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The restorative benefits of walking in urban and rural settings in adults with good and poor mental health

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Publication details

JournalHealth and Place
DateE-pub ahead of print - 10 Nov 2010
DatePublished (current) - Jan 2011
Issue number1
Volume17
Number of pages11
Pages (from-to)103–113
Early online date10/11/10
Original languageEnglish

Abstract

People differ in their potential for psychological restoration but there is little evidence on the role of varying mental health state or settings in the process. This paper reports two quasi-experiments which compare the restorative benefits of walking in urban and rural settings in two groups of adults with good and poor mental health. Two aspects of restoration are examined, firstly mood, the other using personal project techniques (Little, 1983) to capture an under-explored aspect of cognitive restoration through reflection on everyday life tasks. Results are consistent with a restorative effect of landscape: the rural walk was advantageous to affective and cognitive restoration in both health groups when compared to an urban walk. However, beneficial change took place to a greater extent in the poor health group. Differential outcomes between health groups were found in the urban setting, which was most advantageous to restoration in the poor mental health group. This study extends restorative environments research by showing that the amount of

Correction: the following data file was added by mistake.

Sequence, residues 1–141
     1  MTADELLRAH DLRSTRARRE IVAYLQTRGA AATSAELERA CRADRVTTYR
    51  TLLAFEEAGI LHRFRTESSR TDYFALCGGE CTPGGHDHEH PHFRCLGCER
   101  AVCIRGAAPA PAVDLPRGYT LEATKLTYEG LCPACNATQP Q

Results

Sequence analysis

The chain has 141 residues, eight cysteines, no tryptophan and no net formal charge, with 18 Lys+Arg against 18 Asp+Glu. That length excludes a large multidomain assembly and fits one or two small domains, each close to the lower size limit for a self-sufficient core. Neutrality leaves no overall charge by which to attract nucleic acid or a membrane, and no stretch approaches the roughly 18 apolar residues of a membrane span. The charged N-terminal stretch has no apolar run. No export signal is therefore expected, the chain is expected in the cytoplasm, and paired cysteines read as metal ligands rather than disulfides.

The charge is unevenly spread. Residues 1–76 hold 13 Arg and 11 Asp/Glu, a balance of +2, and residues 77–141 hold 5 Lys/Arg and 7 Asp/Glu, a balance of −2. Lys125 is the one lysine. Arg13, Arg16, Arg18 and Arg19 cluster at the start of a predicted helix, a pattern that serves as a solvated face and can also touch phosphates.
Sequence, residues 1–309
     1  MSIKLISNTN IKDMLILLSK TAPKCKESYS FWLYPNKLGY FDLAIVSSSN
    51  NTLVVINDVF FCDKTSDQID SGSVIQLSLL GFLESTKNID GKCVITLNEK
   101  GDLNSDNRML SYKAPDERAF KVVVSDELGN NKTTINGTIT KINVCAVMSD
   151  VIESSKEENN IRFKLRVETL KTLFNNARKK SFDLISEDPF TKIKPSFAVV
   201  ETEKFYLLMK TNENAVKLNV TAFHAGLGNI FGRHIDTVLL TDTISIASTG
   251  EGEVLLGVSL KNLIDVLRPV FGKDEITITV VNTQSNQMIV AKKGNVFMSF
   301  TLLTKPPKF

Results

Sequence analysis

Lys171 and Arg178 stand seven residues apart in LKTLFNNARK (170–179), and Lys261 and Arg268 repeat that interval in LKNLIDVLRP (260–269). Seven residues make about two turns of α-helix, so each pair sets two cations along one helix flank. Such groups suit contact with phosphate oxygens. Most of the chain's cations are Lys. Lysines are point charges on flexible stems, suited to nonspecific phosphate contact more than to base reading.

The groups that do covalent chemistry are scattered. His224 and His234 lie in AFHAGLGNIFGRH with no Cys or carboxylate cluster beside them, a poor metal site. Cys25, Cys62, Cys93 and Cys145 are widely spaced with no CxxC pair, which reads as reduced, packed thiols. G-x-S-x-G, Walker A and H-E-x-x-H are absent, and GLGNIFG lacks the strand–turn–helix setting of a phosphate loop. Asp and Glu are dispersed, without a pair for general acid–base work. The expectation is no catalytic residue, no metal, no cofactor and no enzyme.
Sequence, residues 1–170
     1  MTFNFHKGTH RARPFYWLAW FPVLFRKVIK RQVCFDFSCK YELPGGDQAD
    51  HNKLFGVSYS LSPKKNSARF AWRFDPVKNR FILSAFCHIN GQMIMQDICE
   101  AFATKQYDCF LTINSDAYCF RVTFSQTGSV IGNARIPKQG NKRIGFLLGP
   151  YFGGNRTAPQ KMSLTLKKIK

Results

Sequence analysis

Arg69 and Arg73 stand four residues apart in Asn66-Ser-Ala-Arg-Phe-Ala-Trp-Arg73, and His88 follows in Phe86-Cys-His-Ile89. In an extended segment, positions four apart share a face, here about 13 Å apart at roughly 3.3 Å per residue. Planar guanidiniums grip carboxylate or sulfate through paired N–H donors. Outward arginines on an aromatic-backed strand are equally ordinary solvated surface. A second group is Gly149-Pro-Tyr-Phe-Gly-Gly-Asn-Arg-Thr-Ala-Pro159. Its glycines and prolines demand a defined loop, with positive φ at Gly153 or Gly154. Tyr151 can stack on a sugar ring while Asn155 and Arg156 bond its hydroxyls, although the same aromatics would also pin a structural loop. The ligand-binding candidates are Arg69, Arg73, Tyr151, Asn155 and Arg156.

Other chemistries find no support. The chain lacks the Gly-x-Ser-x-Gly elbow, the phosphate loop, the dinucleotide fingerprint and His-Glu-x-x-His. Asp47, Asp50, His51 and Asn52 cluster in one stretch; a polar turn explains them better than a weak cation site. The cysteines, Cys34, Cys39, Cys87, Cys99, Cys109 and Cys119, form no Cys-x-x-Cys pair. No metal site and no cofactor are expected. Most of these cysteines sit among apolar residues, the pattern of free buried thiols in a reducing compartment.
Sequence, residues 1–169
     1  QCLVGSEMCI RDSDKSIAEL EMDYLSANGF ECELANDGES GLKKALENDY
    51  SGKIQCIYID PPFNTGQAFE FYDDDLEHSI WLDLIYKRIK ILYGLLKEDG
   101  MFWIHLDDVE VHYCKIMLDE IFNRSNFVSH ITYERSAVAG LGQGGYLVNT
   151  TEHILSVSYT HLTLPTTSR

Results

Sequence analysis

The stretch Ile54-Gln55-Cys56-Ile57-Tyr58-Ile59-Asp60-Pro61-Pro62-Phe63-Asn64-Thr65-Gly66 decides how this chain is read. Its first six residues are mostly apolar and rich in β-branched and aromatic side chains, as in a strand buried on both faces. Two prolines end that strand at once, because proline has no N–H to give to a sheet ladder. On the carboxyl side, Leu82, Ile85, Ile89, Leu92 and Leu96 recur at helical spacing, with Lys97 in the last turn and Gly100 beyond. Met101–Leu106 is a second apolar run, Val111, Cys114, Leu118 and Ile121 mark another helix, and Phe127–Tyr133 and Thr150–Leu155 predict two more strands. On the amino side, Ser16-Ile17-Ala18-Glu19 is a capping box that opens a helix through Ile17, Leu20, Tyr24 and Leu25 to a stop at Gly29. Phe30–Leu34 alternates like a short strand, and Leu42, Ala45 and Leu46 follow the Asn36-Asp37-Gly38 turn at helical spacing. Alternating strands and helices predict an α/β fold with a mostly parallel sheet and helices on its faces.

change and context for restoration can differ amongst adults with variable mental health.

Bibliographical note

© 2010 Elsevier Ltd.

    Research areas

  • Restoration, MOOD, Personal Projects, mental health, setting

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